In order to show that the above observations were not due to initial differences between the two groups, we compared sperm parameters and chromatin packaging status before surgery in both pregnant and non-pregnant groups; the results showed that the sperm count (110.85 ± 12.56 vs. 85.66 ± 12.25), percentage of sperm with normal morphology (16.02 ± 1.06 vs. 15.04 ± 1.35), motility (47.66 ± 1.62 vs. 45.97± 2.36), and CMA3- positive (54.85± 1.52 vs. 51.87 ± 2.25) sperm were not significantly different between the pregnant and non-pregnant groups. These parameters were also compared after surgery in both pregnant and non-pregnant groups and were not significantly different (Table 1).

Result of sperm parameters and chromatin packaging in normozoospermic population

The mean sperm count per ejaculate in varicocele individuals before surgery was 138.91 ± 15.7 and after surgery it was 209.15 ± 17.6, which was significantly (p<0.001) higher compared with before surgery. The mean percentage of sperm motility in varicocele individuals before surgery was 57.26 ± 0.99. After surgery, it was 59.66 ± 1.44, which was not significant (p=0.1). The mean percentages of sperm normal morphology in the before surgery group was 19.22 ± 1.13, following surgery it was 24.83 ± 1.15, which was a significant increase (p<0.001).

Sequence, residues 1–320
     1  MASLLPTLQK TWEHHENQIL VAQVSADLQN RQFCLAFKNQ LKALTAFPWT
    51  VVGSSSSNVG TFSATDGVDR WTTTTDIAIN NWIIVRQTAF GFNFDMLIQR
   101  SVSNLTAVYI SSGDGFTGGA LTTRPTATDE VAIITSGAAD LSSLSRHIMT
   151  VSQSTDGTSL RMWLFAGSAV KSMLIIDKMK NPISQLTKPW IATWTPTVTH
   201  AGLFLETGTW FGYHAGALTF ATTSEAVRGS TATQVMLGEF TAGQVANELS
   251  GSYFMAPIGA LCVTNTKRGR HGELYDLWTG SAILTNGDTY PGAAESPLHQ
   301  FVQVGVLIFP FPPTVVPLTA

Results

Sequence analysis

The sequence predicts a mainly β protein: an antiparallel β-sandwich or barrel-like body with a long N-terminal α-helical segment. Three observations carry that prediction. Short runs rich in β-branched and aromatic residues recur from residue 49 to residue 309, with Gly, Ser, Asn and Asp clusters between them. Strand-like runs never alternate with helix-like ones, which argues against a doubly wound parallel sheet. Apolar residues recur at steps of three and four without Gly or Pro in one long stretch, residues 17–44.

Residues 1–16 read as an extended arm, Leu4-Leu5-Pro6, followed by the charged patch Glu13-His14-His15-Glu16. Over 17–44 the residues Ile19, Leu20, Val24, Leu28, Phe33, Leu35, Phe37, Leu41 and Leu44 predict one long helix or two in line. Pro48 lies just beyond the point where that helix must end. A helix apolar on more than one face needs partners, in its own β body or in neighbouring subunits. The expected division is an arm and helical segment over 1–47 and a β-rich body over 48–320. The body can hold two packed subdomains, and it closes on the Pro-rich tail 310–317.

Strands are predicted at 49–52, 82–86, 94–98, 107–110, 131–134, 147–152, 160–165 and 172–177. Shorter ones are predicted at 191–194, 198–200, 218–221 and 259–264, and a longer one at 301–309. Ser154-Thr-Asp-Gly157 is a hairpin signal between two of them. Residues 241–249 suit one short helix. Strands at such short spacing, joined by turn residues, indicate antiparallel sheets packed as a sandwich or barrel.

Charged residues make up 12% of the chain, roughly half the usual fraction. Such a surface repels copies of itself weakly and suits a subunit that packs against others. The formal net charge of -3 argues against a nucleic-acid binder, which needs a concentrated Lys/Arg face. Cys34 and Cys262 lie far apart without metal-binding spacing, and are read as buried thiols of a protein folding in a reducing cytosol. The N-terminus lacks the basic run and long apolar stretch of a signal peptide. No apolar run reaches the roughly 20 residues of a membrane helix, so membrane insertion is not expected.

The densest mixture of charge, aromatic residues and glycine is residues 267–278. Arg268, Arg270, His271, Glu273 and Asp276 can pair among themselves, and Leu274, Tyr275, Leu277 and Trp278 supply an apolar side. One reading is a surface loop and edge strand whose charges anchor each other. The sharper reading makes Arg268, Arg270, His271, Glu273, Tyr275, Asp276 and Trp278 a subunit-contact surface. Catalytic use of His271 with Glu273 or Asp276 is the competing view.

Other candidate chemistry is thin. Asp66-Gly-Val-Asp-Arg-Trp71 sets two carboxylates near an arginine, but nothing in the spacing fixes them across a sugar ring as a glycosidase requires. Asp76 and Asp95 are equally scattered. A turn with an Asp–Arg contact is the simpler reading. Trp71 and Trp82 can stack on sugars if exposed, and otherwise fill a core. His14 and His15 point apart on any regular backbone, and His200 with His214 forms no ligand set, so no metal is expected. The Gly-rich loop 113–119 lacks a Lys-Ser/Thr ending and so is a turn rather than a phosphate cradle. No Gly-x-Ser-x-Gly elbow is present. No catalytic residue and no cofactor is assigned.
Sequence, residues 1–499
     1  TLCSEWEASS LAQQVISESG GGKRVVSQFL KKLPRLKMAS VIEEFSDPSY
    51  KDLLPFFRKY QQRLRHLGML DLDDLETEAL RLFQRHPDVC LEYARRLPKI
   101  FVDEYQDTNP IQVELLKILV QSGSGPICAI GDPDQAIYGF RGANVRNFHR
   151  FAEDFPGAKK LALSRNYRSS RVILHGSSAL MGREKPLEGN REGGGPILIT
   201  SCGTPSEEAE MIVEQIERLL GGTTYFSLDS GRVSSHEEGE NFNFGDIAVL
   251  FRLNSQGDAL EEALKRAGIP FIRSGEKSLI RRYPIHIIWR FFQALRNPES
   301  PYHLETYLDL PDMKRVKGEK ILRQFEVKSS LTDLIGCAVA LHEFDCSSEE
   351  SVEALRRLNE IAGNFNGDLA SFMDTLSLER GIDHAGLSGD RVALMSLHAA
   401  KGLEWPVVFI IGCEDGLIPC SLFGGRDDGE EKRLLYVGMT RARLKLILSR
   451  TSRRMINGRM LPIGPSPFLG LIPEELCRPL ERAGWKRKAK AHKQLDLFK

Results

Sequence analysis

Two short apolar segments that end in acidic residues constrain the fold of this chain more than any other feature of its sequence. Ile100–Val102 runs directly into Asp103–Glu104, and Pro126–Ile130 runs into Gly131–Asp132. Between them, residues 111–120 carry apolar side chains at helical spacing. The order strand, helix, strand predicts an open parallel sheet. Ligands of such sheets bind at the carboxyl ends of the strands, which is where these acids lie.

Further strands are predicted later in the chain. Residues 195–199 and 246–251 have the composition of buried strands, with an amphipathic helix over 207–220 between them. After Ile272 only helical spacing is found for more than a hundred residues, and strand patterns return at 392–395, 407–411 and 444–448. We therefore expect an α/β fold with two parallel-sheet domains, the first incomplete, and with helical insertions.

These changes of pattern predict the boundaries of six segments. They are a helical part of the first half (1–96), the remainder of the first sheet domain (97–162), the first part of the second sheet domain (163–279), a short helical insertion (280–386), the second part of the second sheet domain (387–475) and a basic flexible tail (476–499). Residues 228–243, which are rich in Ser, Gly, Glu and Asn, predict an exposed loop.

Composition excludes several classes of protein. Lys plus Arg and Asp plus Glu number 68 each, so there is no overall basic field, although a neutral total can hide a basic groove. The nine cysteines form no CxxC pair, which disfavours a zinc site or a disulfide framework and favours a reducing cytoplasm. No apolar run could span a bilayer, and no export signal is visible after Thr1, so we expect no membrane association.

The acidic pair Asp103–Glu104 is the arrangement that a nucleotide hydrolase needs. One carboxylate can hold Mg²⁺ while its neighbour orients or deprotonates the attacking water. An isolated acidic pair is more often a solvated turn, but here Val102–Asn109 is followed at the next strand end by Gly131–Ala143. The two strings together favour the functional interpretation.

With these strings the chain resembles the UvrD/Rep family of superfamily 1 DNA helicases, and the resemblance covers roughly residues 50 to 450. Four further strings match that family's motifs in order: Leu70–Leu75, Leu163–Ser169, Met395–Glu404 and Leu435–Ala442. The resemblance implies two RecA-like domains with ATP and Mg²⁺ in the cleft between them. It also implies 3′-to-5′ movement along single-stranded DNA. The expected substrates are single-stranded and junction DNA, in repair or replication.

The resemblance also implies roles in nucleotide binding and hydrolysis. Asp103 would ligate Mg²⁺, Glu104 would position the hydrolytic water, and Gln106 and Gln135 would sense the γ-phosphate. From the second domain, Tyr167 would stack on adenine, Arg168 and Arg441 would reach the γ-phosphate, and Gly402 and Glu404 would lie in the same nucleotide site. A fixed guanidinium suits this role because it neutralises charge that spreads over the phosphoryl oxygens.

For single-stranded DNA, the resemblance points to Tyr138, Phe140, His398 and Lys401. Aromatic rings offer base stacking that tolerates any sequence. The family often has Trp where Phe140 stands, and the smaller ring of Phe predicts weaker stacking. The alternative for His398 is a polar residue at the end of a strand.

The mean percentages of abnormal chromatin packaging or CMA3-positive sperm in varicocele individuals before surgery were 50.73 ± 1.69 and after surgery it was 40.51 ± 1.7. This marker reduced significantly after surgery (p<0.001; Table 2).

Status of sperm parameters and chromatin packaging in normozoospermia partners of pregnant and non-pregnant individuals

A comparison of semen parameters noted significant improvements following surgery in partners of pregnant individuals compared to before surgery in terms of sperm count (153.27 ± 19.76 vs. 214.3 ± 22.4; p=0.001), percentage of sperm with normal morphology (18.84 ± 1.28 vs. 24.8 ± 1.43; p=0.00), motility (55.47 ± 1.08 vs. 59.68 ± 1.72; p=0.024), and CMA3- positive (54.18 ± 1.93 vs. 40.03 ± 1.97; p=0.00) sperm. As shown in Figure 1, in the partners of the non-pregnant group, with the exception of sperm motility (60.16 ± 1.83 vs. 59.64 ± 2.6; p=0.829), there were significant improvements in CMA3-positive sperm (45.29 ± 2.89 vs. 41.29 ± 3.15; p=0.063), sperm count (112.35 ± 25.46 vs. 199.62 ± 29.18; p=0.007), and percentage of sperm with normal morphology (19.77 ± 2.08 vs. 24.8 ± 1.94; p=0.004).